The United Kingdom is heading for an election on December 12 of this year, one that is long overdue. British voters decided in 2016 to leave the European Union. For the first time since that referendum, voters have a chance of electing a government that is politically committed to making that outcome a reality. The way to see it through is to elect a majority of Tory MPs to Parliament with Boris Johnson as prime minister.
We are now more than three years removed from the Brexit referendum — the largest democratic event in the U.K.’s history. Before that referendum, every major political party vowed that the result of the historic vote would be implemented. But elected members of Parliament who hated the result have consistently thwarted the U.K.’s exit. Although all Tory and Labour ministers ran on manifestos promising to deliver Brexit, many elected ministers were simply lying to voters and hoping for Brexiteers to relent before a Remain establishment. New prime minister Boris Johnson has begun to align the politics of Brexit to the existing party system. And polls show that his reformed Tory party, committed to Brexit, can win.
A failure of the Tories to win this election will have several adverse consequences for the United Kingdom. The likeliest alternative to Boris Johnson will be a government led by Labour’s Jeremy Corbyn, a retrograde socialist who is unfit to be prime minister. Corbyn’s premiership would likely be powered by a coalition with the Liberal Democrats and Scottish Nationalists. The former will demand the reversal of Brexit and full reintegration into the European Union. The latter will demand another independence referendum for Scotland. Socialism, subordination to Brussels, and the breakup of a 300-year political union: Corbyn’s history of Third Worldist sympathy with the enemies of the U.K. will put its traditional alliances and security arrangement in jeopardy. The stakes are as high as they’ll ever be.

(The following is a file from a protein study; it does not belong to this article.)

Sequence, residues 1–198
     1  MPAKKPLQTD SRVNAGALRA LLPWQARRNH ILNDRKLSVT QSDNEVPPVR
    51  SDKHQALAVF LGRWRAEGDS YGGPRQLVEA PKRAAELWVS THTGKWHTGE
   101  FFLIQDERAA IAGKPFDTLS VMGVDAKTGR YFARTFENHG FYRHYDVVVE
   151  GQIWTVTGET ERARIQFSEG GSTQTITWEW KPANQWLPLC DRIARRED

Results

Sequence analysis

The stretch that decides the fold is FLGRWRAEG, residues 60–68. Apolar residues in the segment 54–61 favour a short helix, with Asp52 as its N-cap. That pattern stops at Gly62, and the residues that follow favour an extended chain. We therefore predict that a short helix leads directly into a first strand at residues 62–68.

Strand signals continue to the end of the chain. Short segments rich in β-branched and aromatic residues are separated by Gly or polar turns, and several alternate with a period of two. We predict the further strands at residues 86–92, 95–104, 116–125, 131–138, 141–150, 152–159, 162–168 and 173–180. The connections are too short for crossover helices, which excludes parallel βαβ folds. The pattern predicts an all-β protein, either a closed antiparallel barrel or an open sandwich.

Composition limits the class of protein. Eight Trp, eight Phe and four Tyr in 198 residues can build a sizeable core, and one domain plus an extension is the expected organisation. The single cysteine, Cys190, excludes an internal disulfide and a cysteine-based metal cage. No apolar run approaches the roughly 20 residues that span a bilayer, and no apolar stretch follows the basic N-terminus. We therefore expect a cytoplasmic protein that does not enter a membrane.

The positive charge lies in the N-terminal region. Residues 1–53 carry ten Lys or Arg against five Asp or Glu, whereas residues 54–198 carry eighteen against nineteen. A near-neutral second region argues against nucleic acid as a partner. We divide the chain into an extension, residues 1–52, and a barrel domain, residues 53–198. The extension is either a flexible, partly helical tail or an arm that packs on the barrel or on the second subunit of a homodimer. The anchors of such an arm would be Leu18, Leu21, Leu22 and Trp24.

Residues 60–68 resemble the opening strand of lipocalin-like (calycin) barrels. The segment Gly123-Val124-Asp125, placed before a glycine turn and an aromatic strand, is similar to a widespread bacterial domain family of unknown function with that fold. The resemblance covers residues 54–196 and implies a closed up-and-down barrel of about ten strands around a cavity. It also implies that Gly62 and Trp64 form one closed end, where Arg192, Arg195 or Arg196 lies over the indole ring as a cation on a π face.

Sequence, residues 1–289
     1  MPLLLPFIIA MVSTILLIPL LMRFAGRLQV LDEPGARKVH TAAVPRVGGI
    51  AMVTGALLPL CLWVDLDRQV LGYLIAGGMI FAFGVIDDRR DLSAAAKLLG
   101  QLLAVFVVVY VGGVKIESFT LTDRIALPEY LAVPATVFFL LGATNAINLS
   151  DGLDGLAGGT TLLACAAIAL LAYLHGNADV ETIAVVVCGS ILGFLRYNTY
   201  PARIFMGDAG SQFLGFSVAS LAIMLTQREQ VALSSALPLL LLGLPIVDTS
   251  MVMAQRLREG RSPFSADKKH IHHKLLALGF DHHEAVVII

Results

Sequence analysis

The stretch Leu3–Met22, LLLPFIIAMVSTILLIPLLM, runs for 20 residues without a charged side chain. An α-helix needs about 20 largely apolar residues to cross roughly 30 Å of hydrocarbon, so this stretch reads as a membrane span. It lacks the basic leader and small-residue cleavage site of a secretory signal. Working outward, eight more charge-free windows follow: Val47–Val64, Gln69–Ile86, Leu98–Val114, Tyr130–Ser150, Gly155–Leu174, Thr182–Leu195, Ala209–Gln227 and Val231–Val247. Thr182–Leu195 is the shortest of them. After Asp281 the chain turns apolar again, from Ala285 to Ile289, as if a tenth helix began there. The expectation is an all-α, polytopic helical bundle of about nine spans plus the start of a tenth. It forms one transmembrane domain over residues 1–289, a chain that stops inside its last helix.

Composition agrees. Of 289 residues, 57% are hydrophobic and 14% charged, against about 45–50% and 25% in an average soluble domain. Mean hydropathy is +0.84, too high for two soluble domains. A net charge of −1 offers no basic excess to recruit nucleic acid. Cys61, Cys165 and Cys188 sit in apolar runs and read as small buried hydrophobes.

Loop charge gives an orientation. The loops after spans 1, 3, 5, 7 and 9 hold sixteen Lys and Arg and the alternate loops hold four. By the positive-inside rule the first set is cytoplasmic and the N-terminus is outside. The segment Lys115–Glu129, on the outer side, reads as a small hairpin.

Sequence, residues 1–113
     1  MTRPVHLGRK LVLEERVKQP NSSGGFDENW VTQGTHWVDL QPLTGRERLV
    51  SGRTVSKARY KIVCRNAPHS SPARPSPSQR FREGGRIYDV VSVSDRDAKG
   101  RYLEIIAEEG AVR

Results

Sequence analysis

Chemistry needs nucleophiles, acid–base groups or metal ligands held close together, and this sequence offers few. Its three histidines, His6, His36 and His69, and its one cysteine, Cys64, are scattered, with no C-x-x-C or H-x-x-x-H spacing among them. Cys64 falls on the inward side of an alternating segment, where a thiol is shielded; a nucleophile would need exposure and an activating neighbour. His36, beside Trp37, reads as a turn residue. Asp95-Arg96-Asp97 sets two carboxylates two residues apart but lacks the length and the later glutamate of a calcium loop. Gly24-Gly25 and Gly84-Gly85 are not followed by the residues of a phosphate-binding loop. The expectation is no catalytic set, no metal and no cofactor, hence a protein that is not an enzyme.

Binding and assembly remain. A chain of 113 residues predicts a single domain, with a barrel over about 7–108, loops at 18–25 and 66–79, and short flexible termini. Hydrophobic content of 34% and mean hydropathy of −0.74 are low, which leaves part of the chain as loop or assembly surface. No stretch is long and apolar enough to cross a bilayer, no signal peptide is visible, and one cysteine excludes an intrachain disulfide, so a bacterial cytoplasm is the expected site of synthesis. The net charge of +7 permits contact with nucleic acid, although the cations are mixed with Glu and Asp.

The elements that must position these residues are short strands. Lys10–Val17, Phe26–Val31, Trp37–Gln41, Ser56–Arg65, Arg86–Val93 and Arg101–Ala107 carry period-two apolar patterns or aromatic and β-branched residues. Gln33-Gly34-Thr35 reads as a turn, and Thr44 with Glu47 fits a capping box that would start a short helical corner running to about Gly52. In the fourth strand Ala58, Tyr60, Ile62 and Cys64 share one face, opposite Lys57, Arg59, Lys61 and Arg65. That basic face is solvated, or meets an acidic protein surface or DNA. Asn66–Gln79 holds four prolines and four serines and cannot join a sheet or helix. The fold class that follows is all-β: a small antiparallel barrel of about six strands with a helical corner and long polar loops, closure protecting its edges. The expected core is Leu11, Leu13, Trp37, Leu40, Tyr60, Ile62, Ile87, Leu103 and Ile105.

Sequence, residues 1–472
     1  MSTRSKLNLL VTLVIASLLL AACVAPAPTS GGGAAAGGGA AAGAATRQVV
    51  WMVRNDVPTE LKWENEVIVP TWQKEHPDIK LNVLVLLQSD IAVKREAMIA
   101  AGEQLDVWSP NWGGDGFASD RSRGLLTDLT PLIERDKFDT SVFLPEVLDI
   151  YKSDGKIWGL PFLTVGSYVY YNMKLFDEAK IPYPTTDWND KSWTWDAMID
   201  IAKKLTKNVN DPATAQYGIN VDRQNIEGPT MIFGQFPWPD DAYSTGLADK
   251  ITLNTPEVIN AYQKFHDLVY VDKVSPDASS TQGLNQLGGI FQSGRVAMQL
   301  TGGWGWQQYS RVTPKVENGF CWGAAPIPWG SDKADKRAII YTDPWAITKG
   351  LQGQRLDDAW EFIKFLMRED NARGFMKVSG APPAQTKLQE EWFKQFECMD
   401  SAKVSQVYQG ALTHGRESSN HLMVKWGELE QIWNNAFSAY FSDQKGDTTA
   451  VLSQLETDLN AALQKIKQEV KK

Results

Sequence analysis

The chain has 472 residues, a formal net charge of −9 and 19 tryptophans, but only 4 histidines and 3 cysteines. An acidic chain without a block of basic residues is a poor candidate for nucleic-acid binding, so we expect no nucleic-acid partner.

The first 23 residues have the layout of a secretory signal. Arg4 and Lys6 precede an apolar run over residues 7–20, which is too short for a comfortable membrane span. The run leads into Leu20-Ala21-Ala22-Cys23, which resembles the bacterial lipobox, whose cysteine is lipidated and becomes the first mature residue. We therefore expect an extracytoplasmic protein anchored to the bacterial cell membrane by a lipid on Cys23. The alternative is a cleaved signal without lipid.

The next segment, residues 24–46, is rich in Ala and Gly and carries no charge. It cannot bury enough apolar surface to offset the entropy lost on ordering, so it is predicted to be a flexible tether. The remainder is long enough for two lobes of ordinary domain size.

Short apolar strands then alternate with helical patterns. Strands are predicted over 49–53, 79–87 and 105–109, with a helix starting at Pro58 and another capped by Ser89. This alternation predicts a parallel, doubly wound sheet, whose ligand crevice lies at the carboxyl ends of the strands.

How did we get here?
Theresa May’s snap election in 2017 produced one of the longest-sitting Parliaments in modern history, and the least-accomplished. May’s negotiated Brexit deal was voted down three times, exhausting and extinguishing her premiership. In the meantime, as Parliament dithered, a rapid deformation of the U.K.’s constitution proceeded.
Both the Blair and the Cameron governments contributed to the institutional logjam and crisis of the recent Parliament. Cameron’s Fixed-Term Parliaments Act was supposed to copper-fasten a Tory–Liberal Democrat majority. Instead, the result was to create a novel situation where a majority of parliamentarians opposed to the government’s negotiating strategy with Brussels attempted to puppeteer the executive and undermine the prime minister rather than bring his government to an end and face an election. Separating power and responsibility in this way had the predictable result of sowing chaos and confusion in Westminster. The speaker of the House of Commons, John Bercow, was supposed to be a neutral referee and guardian of parliamentary custom. He became a wild innovator and occasional usurper, undermining the executive on behalf of those committed to reversing Brexit.
These novelties were blessed by yet another. When Johnson made the perfectly normal political decision to suspend Parliament and call for a Queen’s speech, the Supreme Court that was invented by Tony Blair’s government jumped in to declare that what had heretofore been a royal prerogative was now an illegal act. This was an astonishing act of constitutional transgression that, if unchallenged, will resound in history until the days when the memory of a European Union is as distant as the Crimean War. A new Tory government must begin recommitting the institutions of British governance to their proper roles.
And so the Tory campaign Johnson leads is on the side of democracy, national sovereignty, the union, Britain’s traditional allies, and constitutional restoration. Prevailing means sanity. Failure leads to the abyss. Good luck to him.